When my brother Kenton called me with the news of our father’s death, I got a falling feeling, as when a chasm opens below you and you don’t know what to hold on to or how to save yourself from annihilation.
My father was 85; he had cancer, and heart and lung trouble. He had suffered a horrible fall a few weeks earlier. He had been moved to the Alzheimer’s ward of the assisted-care center he had recently moved into. I’d had a sinking feeling for several days: last week I’d dreamt that he and I visited a funeral home together. No matter how prepared you feel, you never really are.
My father and I had never been close. There was a world of unspoken emotion and life experience between us. Many things contributed to this – our parents’ push-pull relationship when we were children, my feelings of somehow being a disappointment to him, my being gay, my father’s strict fundamentalist religious beliefs, and both of our inability to let others get close to us emotionally.
As a young child, I both loved and feared him. I sat at his feet and watched him get ready for work in the morning. I was devastated if he left home and drove away without waving goodbye to me. His wish for me to excel in things I couldn’t – sports and math – went unfulfilled. He could be a rage-aholic at times. When my parents grew further apart during my teens, and divorced when I was in college, the distance between us grew greater.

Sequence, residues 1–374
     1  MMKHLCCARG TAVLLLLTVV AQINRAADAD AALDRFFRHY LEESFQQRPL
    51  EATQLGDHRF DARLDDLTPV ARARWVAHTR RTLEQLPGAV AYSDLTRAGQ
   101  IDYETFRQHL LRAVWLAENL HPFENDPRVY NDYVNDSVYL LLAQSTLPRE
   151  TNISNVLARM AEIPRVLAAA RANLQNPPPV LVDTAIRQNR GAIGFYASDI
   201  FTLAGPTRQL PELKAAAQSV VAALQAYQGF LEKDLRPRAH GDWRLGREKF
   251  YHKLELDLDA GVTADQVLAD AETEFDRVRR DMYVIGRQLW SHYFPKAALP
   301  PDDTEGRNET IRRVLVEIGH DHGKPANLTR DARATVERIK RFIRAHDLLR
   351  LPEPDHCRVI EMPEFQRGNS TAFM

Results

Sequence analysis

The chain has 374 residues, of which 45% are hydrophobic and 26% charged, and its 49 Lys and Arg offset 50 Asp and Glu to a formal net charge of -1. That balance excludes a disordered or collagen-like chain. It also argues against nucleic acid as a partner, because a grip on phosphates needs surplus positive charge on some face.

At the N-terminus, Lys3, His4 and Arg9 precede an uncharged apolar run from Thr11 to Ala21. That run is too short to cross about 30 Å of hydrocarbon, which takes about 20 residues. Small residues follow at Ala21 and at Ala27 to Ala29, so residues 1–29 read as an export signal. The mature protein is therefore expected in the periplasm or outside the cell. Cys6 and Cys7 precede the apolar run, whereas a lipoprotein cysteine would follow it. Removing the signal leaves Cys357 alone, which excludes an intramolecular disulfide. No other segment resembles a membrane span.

I spent much of my life living far from him, first in Los Angeles, and now in China. He and my stepmother Bonnie came to China in 2008, and we spent a week in Beijing together. I thought that would be the last time I would see him, yet when he asked me to come home to visit him last summer for his 85th birthday, I was able to spend a week with him. My brother and I were briefly together with him one last time.
My father spent his entire life in St. Joseph, Missouri. After graduating from the University of Wisconsin, he joined his uncle’s real estate company. He eventually went into business for himself as a real estate appraiser. There are many things I now wish I had asked him about his life. I did ask him once about his service in the U.S. occupation forces in Japan after the end of World War II. He told me about riding a train through Japan and witnessing the horrifying landscape of devastation after the atomic bombs had been dropped.
My father, I hope that the next part of your journey, whatever it entails, is filled with peace and the knowledge that you are loved.